Community , Business

Plans for a possible Osage-owned Drone Port discussed at Commerce meeting

Photo caption: A 2017 aerial view of Skyway36, located four miles north of downtown Tulsa. Courtesy Photo/Crossland Construction Company Inc.

Drone Ports are such a new industry there is only one in upstate New York and another being built in Kentucky. The Osage Nation could own the third.

On Jan. 18, Brian Bigbie of INCOG, which stands for Indian Nations Council of Governments, addressed the Osage Congressional Commerce Committee with Assistant Principal Chief Raymond Red Corn about an opportunity for Skyway36 to become a Drone Port.

Bigbie said drone ports, which are specifically dedicated to Unmanned Aerial Systems, are in high demand as the technology for drones grows at a rapid rate. The Nation’s Skyway36, which was formerly known as the downtown airpark, has a 3,000 by 40-foot concrete runway, 16,000 square feet of vertical liftoff space, almost 2,300 square miles of Class G airspace, brand new parking lots, a hangar, office space and a variety of move-in ready buildings. Adjacent to the airpark is 400 acres of Nation-owned rural land and immediately south of the airpark is the Oakley Light Industrial Park, the Nation’s 40-acre light industry park.

“From an economic development standpoint, it’s what you want to see,” Bigbie said. “Existing assets to fulfill the market need. It could generate revenue for the Osage Nation, office space, leasing of the facility, anything the Osage Nation deems appropriate.”

Drone Ports have the potential to cater to private, government and military institutions, as well as provide research and development opportunities for small and large businesses, and secondary and post-secondary education, according to USA Drone  

Bigbie said the facility and airstrip at Skyway36 need some renovation, but he didn’t think it would be costly. Last year he took officials from the U.S. Economic Development Administration (EDA) to Skyway36 and “they were really blown away.”

“Of course, the investment priorities of EDA were considered, federal funding opportunities, they were thrilled,” he said. “I have been talking to them by phone. When they saw it, it took on a new life.”

Congressman Joe Tillman asked whether Bigbie could guarantee the Nation would get business if the money was spent to renovate Skyway36. Bigbie said he couldn’t guarantee business, but he said there was a competitive EDA grant available for $1.5 million and $2 million for projects like Skyway36.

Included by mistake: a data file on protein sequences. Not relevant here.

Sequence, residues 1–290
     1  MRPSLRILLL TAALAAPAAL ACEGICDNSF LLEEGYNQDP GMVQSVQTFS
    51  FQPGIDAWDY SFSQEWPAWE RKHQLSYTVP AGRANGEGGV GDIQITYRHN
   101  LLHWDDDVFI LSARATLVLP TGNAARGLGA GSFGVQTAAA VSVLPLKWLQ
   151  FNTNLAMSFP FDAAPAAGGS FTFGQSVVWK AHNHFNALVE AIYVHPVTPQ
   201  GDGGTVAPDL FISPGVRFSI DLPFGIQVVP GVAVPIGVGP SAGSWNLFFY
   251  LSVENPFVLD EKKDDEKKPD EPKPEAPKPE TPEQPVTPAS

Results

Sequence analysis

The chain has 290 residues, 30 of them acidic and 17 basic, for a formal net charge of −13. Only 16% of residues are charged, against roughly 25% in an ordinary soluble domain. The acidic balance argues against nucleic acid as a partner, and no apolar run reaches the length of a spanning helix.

Red Corn said the Nation is applying for the EDA grant.

Congresswoman Maria Whitehorn said during the Tzi-Zho Session in September, plans for Skyway36 included commercial business along with unmanned. Red Corn said the Nation would keep their options open as they continue discussions with the EDA.

“That entire industry and where its headed and how fast it’s going, is entirely dependent on the technology and what allows safe interaction between manned and unmanned,” Red Corn said. “We’re going to keep our options open until future technology tells us more.”

Mark Kirk, director for the Nation’s Information Services, said the Federal Aviation Administration is a factor as well.

“The FAA is all about safety. And right now, unmanned systems are not popular with the FAA and they’re taking it very slowly,” he said. “Right now, today, you can ride a drone to the airport in Dubai. The only thing that’s stopping [this in the United States] is the FAA, they’re going very slowly. The technology is already there and I’m sure the FAA would be thankful to see an airport that is dedicated to UAS.”

Congresswoman Brandy Lemon asked whether matching grant funds would be needed if the Nation won the grant. Bigbie said yes, but he added the more distressed the area, the more the EDA provides.

“They have rules toward tribal projects to give 100 percent.”